The minimum criteria for potentially effective antidepressant doses were based on the lower end of the dosing ranges recommended in the U.S. Agency for Health Care Policy and Research guidelines (31) for treatment of depression in primary care (e.g., 75 mg/day for imipramine, 20 mg/day for fluoxetine). For drugs not included in the Agency for Health Care Policy and Research guidelines, equivalent doses were estimated by study investigators (A1). For specialty mental health care, a "potentially effective" level of treatment was defined as three or more visits in a 3-month period, slightly below the lowest level of treatment found effective in primary care randomized trials (32, 33).
Participants reporting any one of 12 chronic physical conditions were considered to have a chronic comorbid physical condition. Participants scoring 1.7 or higher on the SCL-90 anxiety scale were considered to have comorbid anxiety disorder. Participants reporting either binge drinking (more than 6 drinks on one occasion) at least once a month or a high level of regular alcohol use (more than 14 drinks per week for women, more than 21 drinks per week for men) were considered to have an "at risk" drinking pattern.
These analyses include data for all patients who completed the baseline, 3-month, and 9-month assessments. Comparisons of proportions across sites were made by using chi-square tests. Predictors of treatment within sites were examined by using separate logistic regression models for each site. A 5% threshold (two-sided) for statistical significance was used throughout. All analyses were performed with the SPSS software package (SPSS Inc., Chicago).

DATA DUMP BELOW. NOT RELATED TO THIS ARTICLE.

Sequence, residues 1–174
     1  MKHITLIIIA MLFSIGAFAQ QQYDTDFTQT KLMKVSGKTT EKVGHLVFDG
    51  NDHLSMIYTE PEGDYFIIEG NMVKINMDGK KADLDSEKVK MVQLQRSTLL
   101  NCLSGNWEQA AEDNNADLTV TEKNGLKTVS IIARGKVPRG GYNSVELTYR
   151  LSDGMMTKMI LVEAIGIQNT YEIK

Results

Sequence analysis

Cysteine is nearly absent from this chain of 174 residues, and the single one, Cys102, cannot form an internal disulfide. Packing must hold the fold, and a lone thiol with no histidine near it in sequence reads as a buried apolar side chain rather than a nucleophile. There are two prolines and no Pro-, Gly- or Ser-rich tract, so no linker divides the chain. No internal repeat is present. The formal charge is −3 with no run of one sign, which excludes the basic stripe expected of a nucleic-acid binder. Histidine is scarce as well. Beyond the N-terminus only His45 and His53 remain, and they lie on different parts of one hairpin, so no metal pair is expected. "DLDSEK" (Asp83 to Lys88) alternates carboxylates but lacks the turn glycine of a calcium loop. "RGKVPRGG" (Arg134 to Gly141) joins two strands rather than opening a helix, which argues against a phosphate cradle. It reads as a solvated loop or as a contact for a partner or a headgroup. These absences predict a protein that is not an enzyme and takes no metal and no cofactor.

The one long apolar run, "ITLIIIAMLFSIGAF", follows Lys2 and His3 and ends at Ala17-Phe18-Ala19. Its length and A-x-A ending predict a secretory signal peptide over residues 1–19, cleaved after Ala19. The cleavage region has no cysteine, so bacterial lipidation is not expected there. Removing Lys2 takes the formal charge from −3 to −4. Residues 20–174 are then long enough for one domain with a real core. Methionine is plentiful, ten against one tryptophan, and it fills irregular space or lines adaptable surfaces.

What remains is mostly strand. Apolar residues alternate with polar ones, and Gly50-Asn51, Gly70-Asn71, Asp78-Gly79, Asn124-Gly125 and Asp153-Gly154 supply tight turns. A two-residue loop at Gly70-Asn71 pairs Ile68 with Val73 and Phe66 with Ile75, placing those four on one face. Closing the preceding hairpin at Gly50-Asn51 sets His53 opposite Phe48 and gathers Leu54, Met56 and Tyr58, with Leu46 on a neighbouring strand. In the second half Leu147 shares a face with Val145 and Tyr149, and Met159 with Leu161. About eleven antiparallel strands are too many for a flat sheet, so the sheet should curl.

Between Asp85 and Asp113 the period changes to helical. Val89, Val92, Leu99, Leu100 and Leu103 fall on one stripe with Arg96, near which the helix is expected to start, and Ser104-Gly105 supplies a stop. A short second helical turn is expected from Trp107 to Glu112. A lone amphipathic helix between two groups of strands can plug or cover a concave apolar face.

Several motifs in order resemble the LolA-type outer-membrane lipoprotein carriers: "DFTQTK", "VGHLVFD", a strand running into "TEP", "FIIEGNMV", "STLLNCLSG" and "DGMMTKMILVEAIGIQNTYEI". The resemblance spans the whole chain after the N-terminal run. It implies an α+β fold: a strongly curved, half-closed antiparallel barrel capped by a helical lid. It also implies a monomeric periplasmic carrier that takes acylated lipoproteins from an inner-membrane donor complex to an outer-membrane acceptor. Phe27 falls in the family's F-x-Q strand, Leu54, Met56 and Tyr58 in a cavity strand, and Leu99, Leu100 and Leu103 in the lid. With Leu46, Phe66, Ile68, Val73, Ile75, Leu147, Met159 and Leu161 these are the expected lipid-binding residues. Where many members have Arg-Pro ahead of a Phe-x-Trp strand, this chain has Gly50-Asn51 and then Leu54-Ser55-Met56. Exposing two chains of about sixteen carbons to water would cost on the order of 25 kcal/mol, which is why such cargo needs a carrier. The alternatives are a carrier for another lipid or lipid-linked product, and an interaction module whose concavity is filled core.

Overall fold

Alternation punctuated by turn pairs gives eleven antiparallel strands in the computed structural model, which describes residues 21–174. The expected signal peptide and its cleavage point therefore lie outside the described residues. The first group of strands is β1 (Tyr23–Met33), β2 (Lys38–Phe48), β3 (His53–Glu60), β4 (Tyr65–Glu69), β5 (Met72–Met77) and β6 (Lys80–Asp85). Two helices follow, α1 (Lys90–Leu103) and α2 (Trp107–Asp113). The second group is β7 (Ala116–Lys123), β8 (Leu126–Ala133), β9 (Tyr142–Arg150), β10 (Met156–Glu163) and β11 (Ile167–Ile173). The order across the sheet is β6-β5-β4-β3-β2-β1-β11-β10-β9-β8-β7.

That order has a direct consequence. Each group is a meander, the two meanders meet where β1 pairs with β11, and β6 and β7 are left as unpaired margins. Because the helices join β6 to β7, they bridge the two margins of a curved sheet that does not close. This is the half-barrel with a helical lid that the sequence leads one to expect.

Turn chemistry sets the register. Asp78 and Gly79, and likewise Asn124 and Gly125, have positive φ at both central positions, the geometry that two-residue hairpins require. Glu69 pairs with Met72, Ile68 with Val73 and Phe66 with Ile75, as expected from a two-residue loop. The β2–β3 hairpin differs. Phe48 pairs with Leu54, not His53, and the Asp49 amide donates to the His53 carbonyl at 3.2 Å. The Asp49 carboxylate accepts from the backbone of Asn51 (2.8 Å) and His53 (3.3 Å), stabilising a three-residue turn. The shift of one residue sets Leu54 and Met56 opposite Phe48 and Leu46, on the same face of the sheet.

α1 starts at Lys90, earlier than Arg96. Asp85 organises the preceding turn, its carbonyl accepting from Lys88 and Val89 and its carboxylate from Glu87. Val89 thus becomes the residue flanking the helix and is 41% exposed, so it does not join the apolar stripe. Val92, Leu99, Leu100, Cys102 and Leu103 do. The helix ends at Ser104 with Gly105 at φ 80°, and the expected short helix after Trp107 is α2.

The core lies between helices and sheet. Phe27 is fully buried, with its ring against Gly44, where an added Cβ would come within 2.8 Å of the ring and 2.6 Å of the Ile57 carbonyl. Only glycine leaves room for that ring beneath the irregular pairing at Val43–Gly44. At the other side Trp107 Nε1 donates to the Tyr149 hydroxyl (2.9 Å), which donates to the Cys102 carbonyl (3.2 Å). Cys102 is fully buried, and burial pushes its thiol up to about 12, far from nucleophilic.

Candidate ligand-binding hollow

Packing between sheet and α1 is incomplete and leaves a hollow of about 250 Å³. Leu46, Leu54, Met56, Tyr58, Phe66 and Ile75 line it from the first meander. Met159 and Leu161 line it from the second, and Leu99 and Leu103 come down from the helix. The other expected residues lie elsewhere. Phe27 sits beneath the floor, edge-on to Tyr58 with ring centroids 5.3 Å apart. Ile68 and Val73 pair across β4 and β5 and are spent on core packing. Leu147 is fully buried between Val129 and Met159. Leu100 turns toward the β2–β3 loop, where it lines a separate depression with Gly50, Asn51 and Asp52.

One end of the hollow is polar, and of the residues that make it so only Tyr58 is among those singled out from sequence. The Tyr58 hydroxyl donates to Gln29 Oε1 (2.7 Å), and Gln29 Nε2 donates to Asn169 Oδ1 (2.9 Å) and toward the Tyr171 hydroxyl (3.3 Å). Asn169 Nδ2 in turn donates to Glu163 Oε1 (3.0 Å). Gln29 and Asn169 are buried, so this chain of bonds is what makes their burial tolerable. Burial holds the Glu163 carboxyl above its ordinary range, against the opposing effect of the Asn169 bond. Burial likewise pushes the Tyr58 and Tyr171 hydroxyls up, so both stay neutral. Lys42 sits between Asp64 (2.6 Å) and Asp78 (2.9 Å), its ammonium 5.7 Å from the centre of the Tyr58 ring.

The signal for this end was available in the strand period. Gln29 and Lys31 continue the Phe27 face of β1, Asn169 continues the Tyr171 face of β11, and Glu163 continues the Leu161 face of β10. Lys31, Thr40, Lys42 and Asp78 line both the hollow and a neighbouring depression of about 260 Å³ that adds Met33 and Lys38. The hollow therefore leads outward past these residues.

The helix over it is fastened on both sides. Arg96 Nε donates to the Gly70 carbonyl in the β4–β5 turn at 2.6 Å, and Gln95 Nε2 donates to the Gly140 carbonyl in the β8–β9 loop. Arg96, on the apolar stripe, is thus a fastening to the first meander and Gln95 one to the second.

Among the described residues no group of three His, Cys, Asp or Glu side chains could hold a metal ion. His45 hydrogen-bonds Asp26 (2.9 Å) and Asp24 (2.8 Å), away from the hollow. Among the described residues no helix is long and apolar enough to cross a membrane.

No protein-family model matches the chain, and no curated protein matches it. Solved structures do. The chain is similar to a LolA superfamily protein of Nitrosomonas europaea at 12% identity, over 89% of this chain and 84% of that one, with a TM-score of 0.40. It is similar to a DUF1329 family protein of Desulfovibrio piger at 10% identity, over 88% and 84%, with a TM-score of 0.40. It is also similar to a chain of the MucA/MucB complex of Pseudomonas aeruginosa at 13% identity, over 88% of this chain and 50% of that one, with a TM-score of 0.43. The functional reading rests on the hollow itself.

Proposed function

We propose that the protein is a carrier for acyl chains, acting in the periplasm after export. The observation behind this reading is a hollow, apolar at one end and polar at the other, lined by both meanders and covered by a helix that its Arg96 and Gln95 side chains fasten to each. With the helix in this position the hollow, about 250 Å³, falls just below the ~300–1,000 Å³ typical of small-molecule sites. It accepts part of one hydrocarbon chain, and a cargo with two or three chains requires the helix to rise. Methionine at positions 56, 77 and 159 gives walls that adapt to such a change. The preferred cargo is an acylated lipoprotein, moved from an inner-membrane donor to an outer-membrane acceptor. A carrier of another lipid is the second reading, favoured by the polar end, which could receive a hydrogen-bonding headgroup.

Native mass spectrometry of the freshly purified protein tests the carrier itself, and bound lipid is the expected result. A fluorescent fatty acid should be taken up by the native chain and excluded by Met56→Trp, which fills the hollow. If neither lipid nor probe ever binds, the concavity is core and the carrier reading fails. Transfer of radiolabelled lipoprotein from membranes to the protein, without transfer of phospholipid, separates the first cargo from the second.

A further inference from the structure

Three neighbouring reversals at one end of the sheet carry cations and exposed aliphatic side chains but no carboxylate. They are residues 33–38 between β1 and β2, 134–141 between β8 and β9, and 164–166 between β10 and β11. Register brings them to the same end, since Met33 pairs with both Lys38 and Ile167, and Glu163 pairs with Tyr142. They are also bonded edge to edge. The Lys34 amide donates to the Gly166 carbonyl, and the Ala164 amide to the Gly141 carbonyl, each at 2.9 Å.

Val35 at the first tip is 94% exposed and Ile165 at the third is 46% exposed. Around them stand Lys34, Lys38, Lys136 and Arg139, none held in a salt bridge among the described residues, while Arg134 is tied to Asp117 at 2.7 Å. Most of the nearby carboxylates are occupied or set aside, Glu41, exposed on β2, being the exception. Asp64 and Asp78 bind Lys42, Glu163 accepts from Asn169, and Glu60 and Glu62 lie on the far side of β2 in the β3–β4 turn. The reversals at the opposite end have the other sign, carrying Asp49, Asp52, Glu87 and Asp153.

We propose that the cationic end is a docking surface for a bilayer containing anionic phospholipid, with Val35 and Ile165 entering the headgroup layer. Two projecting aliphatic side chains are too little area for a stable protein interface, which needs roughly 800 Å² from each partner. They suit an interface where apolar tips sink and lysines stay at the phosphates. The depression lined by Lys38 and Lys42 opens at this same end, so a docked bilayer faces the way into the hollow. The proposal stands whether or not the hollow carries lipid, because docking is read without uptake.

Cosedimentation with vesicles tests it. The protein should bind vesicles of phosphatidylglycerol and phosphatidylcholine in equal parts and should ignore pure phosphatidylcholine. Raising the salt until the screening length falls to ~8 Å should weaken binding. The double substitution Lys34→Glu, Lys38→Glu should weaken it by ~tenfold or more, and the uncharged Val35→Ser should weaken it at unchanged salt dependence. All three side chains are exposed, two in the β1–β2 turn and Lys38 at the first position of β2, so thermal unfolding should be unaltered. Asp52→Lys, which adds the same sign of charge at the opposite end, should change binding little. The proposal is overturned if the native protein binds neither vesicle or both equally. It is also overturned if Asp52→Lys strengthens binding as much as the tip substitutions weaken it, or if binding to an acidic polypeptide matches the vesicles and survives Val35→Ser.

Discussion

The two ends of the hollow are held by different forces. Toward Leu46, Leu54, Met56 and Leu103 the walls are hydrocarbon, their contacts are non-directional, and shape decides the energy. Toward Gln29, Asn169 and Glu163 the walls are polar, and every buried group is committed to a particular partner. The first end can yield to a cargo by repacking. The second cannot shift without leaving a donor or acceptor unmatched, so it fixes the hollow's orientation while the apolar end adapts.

The proportions of patients receiving various treatments at each site are shown in t2. Rates of specialty mental health visits and pharmacotherapy varied widely, and the proportion exposed to any treatment ranged from 3% in St. Petersburg to 49% in Seattle. At no site did the proportion of patients who received potentially effective depression treatment exceed 40%. Antidepressant pharmacotherapy was more common than specialty mental health care in Barcelona and Seattle, while the opposite pattern was seen in Be’er Sheva and Melbourne. Because lack of treatment might be appropriate when depression resolves spontaneously, subgroup analyses were used to examine rates of treatment among those with persistent depressive symptoms (CES-D Scale score ≥16) after 9 months (N=345). In this subgroup, the proportion receiving any antidepressant treatment ranged from 37% in Seattle to 0% in St. Petersburg (χ2=34.9, df=5, p<0.001), the proportion with any specialty mental health contact ranged from 31% in Melbourne to 4% in St. Petersburg (χ2=37.6, df=5, p<0.001), and the proportion receiving any treatment ranged from 48% in Seattle to 4% in St. Petersburg (χ2=37.2, df=5, p<0.001). Rates of benzodiazepine use were below 15% at all sites. Among those with an SCL-90 anxiety score ≥1.7, the proportion reporting any benzodiazepine use ranged from 25% in Barcelona to 0% in Porto Alegre, St. Petersburg, and Barcelona.